I am certain some of my ability to enjoy DK comes from NOT having the nostalgia over the original game. I feel like this is yet another case where the company would have been better served not using the old name, but giving it a new one. I understand they want to use old IPs, but when the old IP has so much baggage like this (or XCOM) it’s just unwise to try to overwrite it.

I will likely keep playing Dungeon Keeper for a good long while. I don’t think I will persist in Clash though, as I am so frustrated at the designer’s lack of desire to fix the problems in their game. At least DK has the potential to get better.

New Game Smell

I have many thoughts about Warlords of Draenor. I think there should be more women in the marketing. I think there is a noticeable lack of characters we can find heroic. I think their healing blog on the changes has me not wanting to heal.

When pre-orders went up for WoD though, I didn’t blink, I paid my $70 for the Digital Deluxe Version, and immediately started thinking about who I wanted to boost to 90. Today a Breakfast Topic on WI discussed the pricing of WoD. It’s the fifth WoW expansion, all previous expansions were $40, but WoD is $50.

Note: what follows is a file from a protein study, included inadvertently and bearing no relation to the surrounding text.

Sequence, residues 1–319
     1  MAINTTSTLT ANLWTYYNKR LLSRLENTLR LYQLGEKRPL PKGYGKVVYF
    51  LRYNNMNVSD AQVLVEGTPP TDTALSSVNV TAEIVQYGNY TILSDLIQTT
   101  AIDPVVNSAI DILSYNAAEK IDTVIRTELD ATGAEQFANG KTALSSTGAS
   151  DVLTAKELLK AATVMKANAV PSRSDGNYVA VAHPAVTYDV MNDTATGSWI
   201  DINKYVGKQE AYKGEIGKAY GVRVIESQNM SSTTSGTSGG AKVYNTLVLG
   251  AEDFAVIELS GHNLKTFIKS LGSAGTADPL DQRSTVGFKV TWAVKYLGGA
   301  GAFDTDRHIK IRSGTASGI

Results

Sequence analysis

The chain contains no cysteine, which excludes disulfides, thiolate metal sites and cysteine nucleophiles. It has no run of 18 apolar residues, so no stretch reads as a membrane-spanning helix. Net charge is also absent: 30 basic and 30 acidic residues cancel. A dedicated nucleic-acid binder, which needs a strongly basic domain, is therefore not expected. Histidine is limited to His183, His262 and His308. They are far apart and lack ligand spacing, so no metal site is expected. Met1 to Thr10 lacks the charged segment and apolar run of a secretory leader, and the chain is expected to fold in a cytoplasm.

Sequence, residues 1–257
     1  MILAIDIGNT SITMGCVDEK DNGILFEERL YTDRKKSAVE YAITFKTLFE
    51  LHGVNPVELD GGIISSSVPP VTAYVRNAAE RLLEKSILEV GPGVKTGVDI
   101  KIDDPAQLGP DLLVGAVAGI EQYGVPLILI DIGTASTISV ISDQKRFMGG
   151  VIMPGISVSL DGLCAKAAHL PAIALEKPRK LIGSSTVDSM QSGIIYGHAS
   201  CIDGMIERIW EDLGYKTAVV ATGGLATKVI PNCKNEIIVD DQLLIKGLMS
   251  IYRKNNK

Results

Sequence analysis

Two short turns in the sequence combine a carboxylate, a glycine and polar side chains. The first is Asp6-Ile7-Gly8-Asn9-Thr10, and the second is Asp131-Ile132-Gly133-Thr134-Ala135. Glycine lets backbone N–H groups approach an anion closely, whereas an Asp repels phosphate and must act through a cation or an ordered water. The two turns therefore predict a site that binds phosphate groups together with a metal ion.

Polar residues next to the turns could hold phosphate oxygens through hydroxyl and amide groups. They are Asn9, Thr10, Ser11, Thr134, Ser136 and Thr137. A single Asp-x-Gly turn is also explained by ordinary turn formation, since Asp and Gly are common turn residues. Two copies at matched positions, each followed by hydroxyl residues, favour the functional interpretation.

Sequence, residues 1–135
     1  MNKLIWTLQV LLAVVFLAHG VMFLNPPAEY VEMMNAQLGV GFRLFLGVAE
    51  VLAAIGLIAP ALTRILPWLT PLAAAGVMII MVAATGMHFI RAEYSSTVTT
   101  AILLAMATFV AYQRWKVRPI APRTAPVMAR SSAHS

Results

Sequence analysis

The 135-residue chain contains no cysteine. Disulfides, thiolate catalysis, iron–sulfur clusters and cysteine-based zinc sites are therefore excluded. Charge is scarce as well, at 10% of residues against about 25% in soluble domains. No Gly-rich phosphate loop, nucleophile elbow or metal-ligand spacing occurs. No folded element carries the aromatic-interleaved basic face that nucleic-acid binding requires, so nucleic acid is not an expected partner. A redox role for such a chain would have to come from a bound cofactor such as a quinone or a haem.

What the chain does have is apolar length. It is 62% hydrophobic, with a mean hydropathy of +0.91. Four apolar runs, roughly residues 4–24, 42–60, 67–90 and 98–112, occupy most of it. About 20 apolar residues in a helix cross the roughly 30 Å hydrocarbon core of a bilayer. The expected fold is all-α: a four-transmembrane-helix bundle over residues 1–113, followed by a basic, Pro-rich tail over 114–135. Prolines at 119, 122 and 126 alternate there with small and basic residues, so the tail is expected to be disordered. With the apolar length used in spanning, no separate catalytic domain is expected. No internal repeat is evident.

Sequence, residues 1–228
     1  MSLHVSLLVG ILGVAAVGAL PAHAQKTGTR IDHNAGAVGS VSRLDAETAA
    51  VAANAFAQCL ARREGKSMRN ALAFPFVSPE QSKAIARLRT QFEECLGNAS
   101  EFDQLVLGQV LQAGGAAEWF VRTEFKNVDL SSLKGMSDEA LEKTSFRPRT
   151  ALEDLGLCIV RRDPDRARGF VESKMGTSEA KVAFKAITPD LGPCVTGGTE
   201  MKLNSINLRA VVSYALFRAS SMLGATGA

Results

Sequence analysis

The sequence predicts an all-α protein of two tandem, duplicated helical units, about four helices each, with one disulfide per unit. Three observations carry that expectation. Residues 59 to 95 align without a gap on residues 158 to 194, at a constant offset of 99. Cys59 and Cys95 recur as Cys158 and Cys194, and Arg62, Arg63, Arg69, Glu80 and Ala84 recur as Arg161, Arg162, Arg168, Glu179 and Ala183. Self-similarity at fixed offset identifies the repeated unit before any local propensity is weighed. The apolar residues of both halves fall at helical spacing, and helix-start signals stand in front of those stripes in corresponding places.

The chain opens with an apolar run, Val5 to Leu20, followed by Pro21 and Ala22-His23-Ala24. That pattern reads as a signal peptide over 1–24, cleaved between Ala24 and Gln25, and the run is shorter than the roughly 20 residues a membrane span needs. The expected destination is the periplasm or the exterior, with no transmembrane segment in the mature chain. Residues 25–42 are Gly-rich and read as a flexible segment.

The more cynical people think it’s “charging” $10 for the “free” level 90 boost. The more economics knowledgeable people point to inflation. But I am a game developer, so my first thought was – Yep, that price sounds about right, for a WoW expansion. But I was astonished at several responses, but none as much as this one “$50? That’s almost the price of a new game!” (Some used the CE pricing and said it was as much as a new game.) This was followed by claims of less content, subscriptions funding the expansion development, and comparisons to new games.

I am baffled by how many people commenting seemed to have no knowledge of game development, or even WoW’s development.

So here’s some food for thought, on why a mere expansion should cost the same as a “new” game.